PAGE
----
Originally Posted by

**21st Century Schizoid Man**
I would not characterise "not related to each other" as "random" - random variables can be dependent. But it now seems to be common usage in everyday talk - if something is "random", people think it must have a uniform distribution, with each outcome having equal probability. If some outcomes have more probability than others, then they say that this is not "random". But a more precise way to characterise "not related to each other" would be "independent".

The word "expected" is missing before "number of events". For a Poisson distribution, the expected value is the same as the variance. But the "number of events" is a non-constant random variable, and the "variance" is a number, so those two cannot be equal. At least not in all possible outcomes.

I am not sure what "number of trials" in the above is supposed to mean. Is it supposed to be the number of occurrences? The meaning of "expected probability integer number" is also not clear - is this the expected number of occurrences in a unit of time?

If the Euler number is e (about 2.718), then I am not sure how that comes into it. There is not a single Poisson distribution, but an entire family of distributions, normally parameterised by "lambda", which turns out to be both the expected value and the variance. The probability mass function of a Poisson does have an "e" in it. Maybe there is some other way of parameterising the distribution such that an "e" shows up in the mean and variance. But even in that case, the mean would be some function that has an "e" in it, and also an unknown parameter, and the problem of finding the population mean has simply been transformed into the problem of finding the unknown parameter.

But if parameterised by lambda, then if you know the value of lambda, you know the population mean already (and the population variance, which is the same). If you don't know lambda, then it needs to be estimated in some way, which could be done using a sample average - the same way you normally find the sample average of any random variable. (The fact that it is a Poisson distribution would be completely irrelevant in the calculation of the sample average.)

However, if you want to find the population average, that brings us back to the point that I commented on - the way you do this is not to take some dataset, add up all the numbers, and divide by the number of observations. That is a sample average, and if you could choose your "sample" to be the entire population, then it would work. But here, the population has infinitely many possible outcomes (very high numbers of occurrences are unlikely, but possible), and the outcomes do not all have the same probability (since there are infinitely many, the can't have the same probability, since the probabilities have to add up to one). This is a case where you clearly cannot find a population average the same way you find a sample average. That only works with a finite population, with each outcome having equal probability.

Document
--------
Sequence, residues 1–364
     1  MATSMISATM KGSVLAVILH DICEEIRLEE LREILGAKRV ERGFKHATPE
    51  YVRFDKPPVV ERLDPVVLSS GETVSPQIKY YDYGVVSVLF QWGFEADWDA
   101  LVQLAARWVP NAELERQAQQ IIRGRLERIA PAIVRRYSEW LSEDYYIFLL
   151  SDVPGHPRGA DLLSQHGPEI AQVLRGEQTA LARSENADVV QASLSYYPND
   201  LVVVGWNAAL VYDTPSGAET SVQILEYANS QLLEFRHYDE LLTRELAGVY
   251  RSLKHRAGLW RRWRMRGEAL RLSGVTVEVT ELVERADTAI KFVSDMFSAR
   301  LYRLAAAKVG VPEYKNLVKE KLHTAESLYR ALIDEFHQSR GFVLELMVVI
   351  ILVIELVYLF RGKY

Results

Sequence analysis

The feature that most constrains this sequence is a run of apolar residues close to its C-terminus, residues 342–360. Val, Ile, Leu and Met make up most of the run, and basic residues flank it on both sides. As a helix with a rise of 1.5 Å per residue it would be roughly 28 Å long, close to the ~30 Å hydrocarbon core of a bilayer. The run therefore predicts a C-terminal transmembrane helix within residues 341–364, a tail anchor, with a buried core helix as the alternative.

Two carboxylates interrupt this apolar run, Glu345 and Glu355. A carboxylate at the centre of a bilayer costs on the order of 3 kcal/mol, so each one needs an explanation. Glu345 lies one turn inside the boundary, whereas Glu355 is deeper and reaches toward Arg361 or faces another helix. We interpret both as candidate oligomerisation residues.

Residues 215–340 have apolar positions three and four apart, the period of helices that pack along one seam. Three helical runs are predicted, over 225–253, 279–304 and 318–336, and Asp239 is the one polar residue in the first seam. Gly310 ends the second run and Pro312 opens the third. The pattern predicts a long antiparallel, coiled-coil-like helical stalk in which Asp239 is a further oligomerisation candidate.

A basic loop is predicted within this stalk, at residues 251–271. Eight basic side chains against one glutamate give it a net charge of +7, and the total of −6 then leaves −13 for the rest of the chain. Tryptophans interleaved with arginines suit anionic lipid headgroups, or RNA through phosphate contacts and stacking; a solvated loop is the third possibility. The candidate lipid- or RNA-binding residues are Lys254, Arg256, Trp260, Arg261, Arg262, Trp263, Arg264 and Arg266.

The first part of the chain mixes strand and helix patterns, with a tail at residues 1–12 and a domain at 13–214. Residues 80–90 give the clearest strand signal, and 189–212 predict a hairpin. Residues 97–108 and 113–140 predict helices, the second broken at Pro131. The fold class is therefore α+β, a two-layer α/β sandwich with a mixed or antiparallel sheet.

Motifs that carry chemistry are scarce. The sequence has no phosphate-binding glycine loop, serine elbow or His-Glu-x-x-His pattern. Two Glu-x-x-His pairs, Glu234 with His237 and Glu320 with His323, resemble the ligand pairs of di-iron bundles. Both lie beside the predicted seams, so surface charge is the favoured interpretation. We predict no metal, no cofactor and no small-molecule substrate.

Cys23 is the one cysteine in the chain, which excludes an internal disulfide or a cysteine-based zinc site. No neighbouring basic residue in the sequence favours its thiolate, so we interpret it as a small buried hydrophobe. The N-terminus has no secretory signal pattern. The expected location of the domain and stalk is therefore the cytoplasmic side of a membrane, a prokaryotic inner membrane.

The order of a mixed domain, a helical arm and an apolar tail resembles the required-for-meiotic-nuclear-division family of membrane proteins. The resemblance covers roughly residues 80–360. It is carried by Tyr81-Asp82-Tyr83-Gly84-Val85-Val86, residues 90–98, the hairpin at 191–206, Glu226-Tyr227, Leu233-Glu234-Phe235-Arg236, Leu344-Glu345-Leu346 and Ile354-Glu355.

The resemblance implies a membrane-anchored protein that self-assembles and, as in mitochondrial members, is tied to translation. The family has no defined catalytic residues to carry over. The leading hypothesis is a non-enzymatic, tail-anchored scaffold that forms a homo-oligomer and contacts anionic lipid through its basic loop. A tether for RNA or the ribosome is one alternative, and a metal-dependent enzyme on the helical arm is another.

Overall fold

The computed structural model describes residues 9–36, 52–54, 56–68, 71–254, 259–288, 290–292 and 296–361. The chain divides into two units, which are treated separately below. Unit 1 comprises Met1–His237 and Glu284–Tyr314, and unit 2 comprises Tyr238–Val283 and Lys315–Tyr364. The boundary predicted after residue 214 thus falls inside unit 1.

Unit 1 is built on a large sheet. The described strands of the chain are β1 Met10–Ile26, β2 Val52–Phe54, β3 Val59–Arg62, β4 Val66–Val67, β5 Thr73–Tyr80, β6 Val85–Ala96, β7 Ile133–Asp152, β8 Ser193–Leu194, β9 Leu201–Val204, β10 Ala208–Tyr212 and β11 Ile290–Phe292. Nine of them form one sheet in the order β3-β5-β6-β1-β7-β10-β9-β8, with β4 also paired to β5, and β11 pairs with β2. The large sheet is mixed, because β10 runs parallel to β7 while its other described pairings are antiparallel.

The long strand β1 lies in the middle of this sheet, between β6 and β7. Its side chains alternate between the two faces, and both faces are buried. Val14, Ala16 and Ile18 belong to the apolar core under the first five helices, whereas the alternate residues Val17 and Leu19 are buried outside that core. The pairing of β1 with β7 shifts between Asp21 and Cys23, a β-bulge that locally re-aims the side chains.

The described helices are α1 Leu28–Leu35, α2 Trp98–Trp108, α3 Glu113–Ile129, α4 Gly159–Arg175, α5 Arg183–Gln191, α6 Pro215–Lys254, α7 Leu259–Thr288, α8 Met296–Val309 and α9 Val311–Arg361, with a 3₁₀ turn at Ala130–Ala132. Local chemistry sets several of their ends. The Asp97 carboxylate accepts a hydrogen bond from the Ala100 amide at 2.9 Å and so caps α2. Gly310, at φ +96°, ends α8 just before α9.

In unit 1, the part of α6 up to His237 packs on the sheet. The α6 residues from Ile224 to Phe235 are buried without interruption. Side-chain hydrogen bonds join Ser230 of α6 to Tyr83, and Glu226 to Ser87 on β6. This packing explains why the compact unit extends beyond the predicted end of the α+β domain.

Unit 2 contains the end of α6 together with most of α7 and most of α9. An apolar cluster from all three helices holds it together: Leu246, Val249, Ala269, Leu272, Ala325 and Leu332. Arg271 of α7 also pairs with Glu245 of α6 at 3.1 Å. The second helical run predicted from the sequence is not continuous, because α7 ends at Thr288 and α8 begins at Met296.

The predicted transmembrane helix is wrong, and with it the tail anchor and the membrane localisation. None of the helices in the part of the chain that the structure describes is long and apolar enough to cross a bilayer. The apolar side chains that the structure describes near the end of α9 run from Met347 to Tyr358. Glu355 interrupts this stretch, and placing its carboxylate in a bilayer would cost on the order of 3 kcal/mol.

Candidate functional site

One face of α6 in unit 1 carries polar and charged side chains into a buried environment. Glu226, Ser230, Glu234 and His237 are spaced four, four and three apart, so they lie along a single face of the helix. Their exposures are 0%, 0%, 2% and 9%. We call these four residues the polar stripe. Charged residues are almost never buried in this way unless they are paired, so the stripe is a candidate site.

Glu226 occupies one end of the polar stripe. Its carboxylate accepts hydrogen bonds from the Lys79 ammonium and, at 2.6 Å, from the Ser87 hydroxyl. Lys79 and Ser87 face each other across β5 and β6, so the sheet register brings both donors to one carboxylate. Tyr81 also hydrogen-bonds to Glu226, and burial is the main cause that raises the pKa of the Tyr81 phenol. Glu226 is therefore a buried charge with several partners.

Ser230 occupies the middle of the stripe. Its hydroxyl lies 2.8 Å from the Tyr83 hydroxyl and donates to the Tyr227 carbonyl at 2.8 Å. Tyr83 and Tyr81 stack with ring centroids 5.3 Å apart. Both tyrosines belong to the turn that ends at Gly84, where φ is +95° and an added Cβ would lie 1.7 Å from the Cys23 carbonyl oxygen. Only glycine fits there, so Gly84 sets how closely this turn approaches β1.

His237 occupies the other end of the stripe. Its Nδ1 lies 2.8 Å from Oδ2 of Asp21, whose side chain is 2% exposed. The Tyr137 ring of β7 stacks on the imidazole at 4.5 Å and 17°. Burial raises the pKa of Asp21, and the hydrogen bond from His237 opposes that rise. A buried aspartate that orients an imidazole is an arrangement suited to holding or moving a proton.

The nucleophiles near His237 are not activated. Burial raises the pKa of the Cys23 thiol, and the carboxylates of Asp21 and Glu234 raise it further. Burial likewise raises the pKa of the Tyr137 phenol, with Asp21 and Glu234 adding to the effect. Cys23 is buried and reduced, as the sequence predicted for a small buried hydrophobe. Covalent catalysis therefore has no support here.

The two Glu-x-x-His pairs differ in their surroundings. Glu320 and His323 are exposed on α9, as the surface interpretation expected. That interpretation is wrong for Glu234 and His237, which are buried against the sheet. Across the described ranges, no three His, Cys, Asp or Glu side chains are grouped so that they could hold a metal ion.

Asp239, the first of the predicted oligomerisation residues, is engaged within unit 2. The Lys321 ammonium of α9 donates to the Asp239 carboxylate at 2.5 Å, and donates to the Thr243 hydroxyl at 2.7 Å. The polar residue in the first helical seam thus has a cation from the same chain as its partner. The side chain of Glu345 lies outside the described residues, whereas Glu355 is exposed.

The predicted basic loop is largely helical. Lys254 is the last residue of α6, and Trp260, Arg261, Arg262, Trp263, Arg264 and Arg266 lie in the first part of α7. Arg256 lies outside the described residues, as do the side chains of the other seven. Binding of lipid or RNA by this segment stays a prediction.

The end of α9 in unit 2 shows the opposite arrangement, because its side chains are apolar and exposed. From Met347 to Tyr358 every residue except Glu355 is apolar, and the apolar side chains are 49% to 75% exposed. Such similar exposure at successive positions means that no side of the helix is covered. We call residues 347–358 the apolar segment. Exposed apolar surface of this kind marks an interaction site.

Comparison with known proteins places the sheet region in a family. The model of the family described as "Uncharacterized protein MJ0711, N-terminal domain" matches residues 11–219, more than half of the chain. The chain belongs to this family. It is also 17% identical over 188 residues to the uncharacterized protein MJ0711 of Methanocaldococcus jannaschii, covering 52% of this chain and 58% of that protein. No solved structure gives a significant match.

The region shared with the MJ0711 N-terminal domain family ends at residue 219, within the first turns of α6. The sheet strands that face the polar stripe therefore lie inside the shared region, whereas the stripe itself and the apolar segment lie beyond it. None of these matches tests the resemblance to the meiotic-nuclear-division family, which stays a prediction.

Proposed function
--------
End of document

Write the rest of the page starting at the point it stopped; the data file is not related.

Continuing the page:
For what it's worth, if we have the usual assumptions that cause the number of events per time period to have a Poisson distribution, then the time between events has an exponential distribution. I posed the problem with the failures as an expected time until failure, with the underlying distribution being exponential. However, this is equivalent to asking the expected number of failures per unit of time. ("Equivalent" in the sense that if you know one, you can find the other - not that they are the same number.)

But either distribution will serve the purpose here. Suppose we have either an exponential distribution (the way I posed the failure problem, the random variable being time until next failure) or a Poisson distribution (the random variable is the number of failures per unit of time). How to find the population mean? We cannot find it the same way we find the sample mean.